Got scammed on Swappa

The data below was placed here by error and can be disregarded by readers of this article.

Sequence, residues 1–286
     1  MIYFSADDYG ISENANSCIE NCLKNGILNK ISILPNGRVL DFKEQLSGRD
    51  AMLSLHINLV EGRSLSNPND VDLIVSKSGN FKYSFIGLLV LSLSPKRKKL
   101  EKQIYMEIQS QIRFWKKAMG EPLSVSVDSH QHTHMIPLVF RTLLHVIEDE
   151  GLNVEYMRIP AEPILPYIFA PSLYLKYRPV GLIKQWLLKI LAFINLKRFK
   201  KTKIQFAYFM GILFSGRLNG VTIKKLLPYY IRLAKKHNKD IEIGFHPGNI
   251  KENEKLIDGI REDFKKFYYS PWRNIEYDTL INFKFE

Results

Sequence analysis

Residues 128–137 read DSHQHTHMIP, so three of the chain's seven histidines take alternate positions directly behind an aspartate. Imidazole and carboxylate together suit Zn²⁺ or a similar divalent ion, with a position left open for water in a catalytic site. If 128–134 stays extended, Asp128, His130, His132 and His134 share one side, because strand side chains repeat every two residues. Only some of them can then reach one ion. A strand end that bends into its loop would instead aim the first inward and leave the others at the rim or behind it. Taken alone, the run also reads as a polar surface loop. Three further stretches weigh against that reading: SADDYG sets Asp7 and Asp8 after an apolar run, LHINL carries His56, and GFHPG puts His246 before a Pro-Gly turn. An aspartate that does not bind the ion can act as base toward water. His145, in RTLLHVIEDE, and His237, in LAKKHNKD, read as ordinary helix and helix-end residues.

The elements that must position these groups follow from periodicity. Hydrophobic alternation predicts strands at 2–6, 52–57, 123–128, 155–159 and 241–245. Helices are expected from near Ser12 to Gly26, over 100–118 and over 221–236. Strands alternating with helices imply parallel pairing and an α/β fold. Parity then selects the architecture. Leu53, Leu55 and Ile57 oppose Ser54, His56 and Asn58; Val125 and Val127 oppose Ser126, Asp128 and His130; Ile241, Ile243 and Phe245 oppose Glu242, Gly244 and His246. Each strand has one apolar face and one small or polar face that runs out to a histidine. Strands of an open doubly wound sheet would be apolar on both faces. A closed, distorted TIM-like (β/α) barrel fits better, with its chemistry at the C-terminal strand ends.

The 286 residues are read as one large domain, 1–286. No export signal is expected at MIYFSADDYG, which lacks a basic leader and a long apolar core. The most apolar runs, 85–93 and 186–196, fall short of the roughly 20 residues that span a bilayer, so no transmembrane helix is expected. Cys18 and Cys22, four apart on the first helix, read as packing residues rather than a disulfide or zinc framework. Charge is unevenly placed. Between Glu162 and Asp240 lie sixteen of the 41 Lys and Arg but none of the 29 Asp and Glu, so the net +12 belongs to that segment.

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Looking for advice as well as warning others about Swappa/PayPal policies. Think twice before your next online purchase... So I can't go into great detail because this is all still fluid, but basically I ordered three identical phones through Swappa. All were Galaxy S7s, unlocked, new and sealed (with individual photos to prove). When they finally arrived, 2/3 were unwrapped, and all three phones were clearly counterfeit/fake. How do I know? Literally dozens of reasons which I will not list here for the sake of not allowing the wrong eyes to see and correct the problems. But I will post a picture that speaks for itself, which the fraud party already had access to. Look at the images at the bottom of this post for yourself very closely. AT&T and Sprint are labeled on the same box with countless typos (I will be taking the phones to an independent professional for official confirmation that they're fake). Parts are missing, logos mismatched, discrepancies everywhere. Not consistent with flagship Samsung products. So I reach out to Swappa. After several days of nonsense going back and forth and finally several emails with Swappa's Director of Support, the final verdict was that I am required to send the fake phones back to the seller, and only after he receives them will I get a refund. At that point Swappa will "review" the seller's account, but he has a great track record, so they must establish a trend before taking any harsh action. Absolutely unacceptable. If my research is correct and accurate, the seller has committed a federal crime (mail fraud). Even if I give the benefit of the doubt and pretend the seller isn't the person manufacturing the fake phones, he still violated Swappa's and PayPal's policies by advertising "new" "factory sealed" devices and delivering open boxes. That should still be immediately punishable on their end. But I refuse to allow the chance for him to screw someone else over by reselling them again. So I turn to PayPal. After two days of jumping over unnecessary hurdles and a few misunderstandings by PayPal reps, I finally made it clear how I am the victim of fraud. On the third day, I receive emails stating my claims have been denied and I must return the devices to the seller for a refund. This is after the two previous reps specifically stated to NOT return the devices due to the circumstances. So I call again. The rep just repeated the same nonsense. So I was transferred to a supervisor. I made it extremely clear it is fraud and it is illegal. She repeated the same thing. So she transferred me to her supervisor. After two hours on the phone, the end result was the same. I was told to give the counterfeiter his products back before I was eligible for a refund. To clarify, I specified to every person that I have no interest in keeping the devices, and will happily forfeit/destroy/send the devices to any party that requested them except the seller. This is not a case where I keep the money and the product. If the packaging was that shoddy, I don't even want to know what's inside the phones. I'm actually nervous keeping them in my house (think Note 7)... My last option was to turn to AT&T. I called their fraud department and simply asked for an IMEI check. They refused. When I explained the situation, and offered that blacklisting the phones would be a viable solution, again they refused. They rather agressively told me to kick rocks. I even resorted to calling my local PD for advice. They understood, but couldn't help. No jurisdiction (the seller is in another state). Unfreakinbelievable. All I am after is a refund and the inability for these phones to fool someone else. I refuse to enable/aid a criminal. What else can I possibly do? Turn to the BBB? The seller's local PD? Contact a lawyer? The media?!? What would you do? shrug Edit: sorry if the images aren't clear. I tried two different ways hoping at least one would be high-res. mad